Like any other startup I think, you know, we have as far as the ideas are concerned, I think we've did quite a few number of times and against the number of pivots that we've had is probably the number of times we've come close to shutting down the company. Each time we ran out of cash we probably had to pivot It was a necessity to pivot to figure out where else can we survive and thereafter Where else can we grow and to share where we are at this point in time mom echo is a is a platform which connects brands to consumers. The way we describe consumers for echo is that we look at consumers who do not have access to digital money and are unfamiliar with the language English. And there are a lot of brands we started with the financial services particularly with the banks, but today there are a lot of brands across categories you know, for example insurance, mutual funds, mobile gaming, entertainment, many other categories including matrimony many other categories of brands are present in India, which wants to reach to consumers who do not have access to Between money, and an unfamiliar with the language English. And what Eko has done is we've built an intermediary layer, which helps the brand connect to to the end consumer. The financial inclusion of the payment part comes in, is because this particular set of consumers do not have access to digital money. So our set of intermediaries that we have put in actually allow these consumers to have cash in their hands to consume digital services or many other different kinds of services. Over the last 12 years, we have catered to over 50 million unique consumers. And we've got a little over 150,000 intermediaries who work with us and the way we see the world going forward is close to about 400 to 500 million people in India will consume digital services who do not consume digital services today will consume digital services over the next three to four years time. We believe that view, we will be the bridge for them to consume different kinds of digital and physical goods of service providers to our platform. So Krishna, we've changed quite a bit. You know, we started from opening a bank account, which was just one brand. So we you know, we have one brand, called the banks to reach to end consumers and the consumers are kind of categorized as people who need it for financial services. Now, since we've we've put this network out and has scaled to some extent, what we realized is that there's a very large number of people about close about over 50 million people that we have on our network. And starting from the banks were the first set of category of the brands that that got connected to us over the period of the next 12 years. We have over 100 brands who work with us for whom they are a kind of a bridge, which takes their services to the end consumers for them 50 million and you speak of that number, as if it's just chump change. That's what what that's if I have to add to that, I think that's the beauty of our country. It's, you know, if you're able to scale something, there is there is a very large market where in a lot of very, very critical services and you kind of you know, nailed it right up front, whether it is education, health, financial services and many other insurance being one of them, you know, if we are able to create innovative solutions and have the right channels to take to you know, the end consumers there is there is absolute, a massive scale to be achieved.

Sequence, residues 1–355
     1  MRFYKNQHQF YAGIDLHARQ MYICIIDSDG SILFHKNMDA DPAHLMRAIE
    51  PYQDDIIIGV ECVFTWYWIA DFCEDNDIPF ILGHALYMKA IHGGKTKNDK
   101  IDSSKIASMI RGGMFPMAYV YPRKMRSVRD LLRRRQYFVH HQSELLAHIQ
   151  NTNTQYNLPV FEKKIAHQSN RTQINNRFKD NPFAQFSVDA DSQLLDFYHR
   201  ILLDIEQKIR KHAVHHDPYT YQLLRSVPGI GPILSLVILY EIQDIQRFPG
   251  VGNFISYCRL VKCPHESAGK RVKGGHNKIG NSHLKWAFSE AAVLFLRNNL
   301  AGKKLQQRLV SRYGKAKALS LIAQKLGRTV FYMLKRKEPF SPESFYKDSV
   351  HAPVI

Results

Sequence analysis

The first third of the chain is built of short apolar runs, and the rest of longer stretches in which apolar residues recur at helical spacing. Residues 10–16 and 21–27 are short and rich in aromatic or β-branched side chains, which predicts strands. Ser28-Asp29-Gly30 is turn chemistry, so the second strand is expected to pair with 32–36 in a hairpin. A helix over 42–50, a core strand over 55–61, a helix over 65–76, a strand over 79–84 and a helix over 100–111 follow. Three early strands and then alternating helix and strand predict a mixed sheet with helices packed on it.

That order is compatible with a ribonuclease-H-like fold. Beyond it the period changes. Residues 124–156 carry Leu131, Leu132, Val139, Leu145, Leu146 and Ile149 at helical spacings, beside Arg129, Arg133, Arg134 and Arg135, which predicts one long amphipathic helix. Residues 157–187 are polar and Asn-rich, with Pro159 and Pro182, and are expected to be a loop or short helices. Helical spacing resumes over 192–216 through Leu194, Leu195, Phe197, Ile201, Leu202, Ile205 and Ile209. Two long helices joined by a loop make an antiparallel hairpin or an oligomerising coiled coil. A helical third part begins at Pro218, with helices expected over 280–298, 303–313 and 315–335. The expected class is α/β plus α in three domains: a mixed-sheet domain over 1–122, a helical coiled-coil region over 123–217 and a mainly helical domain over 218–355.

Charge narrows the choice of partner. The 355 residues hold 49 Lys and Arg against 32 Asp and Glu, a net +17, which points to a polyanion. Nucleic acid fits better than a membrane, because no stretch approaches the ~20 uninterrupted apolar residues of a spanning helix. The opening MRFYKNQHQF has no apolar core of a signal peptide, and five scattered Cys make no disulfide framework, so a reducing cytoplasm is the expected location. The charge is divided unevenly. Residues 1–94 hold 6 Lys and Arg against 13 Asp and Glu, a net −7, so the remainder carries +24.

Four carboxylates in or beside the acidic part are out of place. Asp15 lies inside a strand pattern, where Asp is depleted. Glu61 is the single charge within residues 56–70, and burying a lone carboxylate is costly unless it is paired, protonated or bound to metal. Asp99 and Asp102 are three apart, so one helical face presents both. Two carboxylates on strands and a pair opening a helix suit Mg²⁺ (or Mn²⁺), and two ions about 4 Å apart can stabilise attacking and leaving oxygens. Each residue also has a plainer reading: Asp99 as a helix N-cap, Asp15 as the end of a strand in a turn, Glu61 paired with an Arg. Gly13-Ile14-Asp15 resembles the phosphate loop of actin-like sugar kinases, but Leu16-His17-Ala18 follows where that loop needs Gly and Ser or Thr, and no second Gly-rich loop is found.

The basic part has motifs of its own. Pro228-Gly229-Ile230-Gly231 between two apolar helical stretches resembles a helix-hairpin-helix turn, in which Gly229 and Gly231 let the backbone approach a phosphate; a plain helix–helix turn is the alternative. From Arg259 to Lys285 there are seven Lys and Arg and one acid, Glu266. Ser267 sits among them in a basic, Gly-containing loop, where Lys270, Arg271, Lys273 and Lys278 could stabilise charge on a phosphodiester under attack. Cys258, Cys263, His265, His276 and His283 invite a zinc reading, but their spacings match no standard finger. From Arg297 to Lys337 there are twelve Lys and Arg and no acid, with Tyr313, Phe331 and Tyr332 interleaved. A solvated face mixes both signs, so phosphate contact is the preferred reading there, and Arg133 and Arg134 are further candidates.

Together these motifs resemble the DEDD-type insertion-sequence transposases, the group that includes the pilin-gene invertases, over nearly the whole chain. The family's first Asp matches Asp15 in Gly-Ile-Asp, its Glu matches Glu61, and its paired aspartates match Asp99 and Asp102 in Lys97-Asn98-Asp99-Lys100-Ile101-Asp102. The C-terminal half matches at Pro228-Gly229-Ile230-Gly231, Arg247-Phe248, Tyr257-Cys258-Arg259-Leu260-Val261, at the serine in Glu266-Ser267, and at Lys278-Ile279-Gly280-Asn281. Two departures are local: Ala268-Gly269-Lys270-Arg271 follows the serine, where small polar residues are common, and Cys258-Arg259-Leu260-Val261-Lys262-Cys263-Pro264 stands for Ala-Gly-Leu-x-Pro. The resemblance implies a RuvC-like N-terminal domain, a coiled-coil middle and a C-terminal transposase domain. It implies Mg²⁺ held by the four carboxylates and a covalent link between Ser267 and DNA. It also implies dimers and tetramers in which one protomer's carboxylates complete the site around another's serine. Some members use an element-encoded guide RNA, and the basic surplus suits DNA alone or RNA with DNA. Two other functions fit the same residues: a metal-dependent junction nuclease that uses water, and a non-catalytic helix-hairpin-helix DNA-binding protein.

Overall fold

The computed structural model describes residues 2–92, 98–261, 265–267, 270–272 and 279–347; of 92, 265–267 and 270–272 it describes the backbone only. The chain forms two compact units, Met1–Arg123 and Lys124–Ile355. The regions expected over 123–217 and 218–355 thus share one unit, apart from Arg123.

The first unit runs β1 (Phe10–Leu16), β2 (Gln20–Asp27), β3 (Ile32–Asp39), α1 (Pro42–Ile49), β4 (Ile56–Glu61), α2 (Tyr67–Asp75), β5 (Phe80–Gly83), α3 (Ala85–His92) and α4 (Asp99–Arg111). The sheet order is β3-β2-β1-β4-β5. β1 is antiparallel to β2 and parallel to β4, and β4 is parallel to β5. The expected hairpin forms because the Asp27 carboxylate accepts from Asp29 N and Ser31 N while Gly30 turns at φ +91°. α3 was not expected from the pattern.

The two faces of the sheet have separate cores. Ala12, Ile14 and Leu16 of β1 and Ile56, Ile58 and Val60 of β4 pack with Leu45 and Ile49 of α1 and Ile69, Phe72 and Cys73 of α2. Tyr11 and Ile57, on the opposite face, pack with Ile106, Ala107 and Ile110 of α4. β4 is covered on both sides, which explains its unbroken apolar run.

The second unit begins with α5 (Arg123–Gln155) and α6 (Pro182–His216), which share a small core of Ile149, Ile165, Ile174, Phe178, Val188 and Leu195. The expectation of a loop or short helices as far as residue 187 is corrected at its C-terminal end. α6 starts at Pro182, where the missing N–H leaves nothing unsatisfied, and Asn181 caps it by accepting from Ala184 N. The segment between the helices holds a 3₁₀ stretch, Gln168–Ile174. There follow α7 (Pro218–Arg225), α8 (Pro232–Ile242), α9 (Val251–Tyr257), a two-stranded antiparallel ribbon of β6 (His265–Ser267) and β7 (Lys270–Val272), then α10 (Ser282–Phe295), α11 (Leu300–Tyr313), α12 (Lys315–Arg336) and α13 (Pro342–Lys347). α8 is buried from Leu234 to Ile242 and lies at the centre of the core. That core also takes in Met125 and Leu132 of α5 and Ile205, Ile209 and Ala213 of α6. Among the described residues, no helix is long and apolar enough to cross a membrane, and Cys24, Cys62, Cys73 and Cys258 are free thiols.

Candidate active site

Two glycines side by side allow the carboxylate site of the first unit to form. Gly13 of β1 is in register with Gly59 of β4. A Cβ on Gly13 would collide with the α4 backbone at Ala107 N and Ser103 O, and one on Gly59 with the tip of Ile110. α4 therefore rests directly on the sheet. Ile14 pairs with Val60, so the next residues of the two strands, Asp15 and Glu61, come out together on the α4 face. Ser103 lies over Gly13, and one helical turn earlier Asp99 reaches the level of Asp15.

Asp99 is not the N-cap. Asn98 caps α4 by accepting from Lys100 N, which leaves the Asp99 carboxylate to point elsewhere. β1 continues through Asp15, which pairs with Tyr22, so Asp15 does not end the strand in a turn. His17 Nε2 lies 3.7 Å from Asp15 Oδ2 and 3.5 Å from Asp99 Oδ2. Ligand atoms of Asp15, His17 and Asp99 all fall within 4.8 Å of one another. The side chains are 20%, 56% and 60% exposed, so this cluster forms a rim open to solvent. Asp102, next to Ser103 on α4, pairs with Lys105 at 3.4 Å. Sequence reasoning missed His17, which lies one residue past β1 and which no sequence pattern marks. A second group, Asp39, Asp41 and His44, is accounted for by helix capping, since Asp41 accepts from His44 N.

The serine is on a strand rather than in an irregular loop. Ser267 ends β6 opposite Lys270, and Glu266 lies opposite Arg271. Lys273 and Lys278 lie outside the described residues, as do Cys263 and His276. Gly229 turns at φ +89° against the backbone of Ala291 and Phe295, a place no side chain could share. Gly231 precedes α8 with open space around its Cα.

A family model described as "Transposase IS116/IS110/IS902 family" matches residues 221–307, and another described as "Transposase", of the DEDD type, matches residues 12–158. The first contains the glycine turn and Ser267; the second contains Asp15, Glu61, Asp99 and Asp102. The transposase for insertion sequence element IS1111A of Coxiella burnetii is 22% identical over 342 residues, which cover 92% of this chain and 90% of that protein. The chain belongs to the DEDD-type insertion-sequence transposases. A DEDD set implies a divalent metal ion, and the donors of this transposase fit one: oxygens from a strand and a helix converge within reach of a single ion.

Krishna Jonnakadla 13:29
Interesting. You know, there are several startups, several companies that had similar goals, but what I have seen is a lot of them have shut shop. Right. It is one thing to start with a set of goals that you want to accomplish, but also to survive and thrive and then, but you are yet here you are 12 years later, achieved a certain degree of scale stayed mostly close to you know, the financial inclusion, the target segment and the consumer base. That journey must not have been easy and is resilience kind of inborn to talk about the journey.
Abhinav Sinha 14:10